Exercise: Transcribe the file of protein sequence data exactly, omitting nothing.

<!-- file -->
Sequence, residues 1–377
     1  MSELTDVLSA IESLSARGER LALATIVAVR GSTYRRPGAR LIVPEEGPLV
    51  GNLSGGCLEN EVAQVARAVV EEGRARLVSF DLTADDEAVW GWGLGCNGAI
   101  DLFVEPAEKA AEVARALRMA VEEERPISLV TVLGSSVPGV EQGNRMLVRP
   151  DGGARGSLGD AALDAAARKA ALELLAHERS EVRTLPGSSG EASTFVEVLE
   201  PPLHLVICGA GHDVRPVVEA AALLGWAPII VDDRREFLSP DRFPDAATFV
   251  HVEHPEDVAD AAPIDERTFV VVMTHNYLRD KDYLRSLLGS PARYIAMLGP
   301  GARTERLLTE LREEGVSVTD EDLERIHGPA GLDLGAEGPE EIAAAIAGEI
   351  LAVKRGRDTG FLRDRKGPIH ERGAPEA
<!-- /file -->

Sequence, residues 1–377
     1  MSELTDVLSA IESLSARGER LALATIVAVR GSTYRRPGAR LIVPEEGPLV
    51  GNLSGGCLEN EVAQVARAVV EEGRARLVSF DLTADDEAVW GWGLGCNGAI
   101  DLFVEPAEKA AEVARALRMA VEEERPISLV TVLGSSVPGV EQGNRMLVRP
   151  DGGARGSLGD AALDAAARKA ALELLAHERS EVRTLPGSSG EASTFVEVLE
   201  PPLHLVICGA GHDVRPVVEA AALLGWAPII VDDRREFLSP DRFPDAATFV
   251  HVEHPEDVAD AAPIDERTFV VVMTHNYLRD KDYLRSLLGS PARYIAMLGP
   301  GARTERLLTE LREEGVSVTD EDLERIHGPA GLDLGAEGPE EIAAAIAGEI
   351  LAVKRGRDTG FLRDRKGPIH ERGAPEA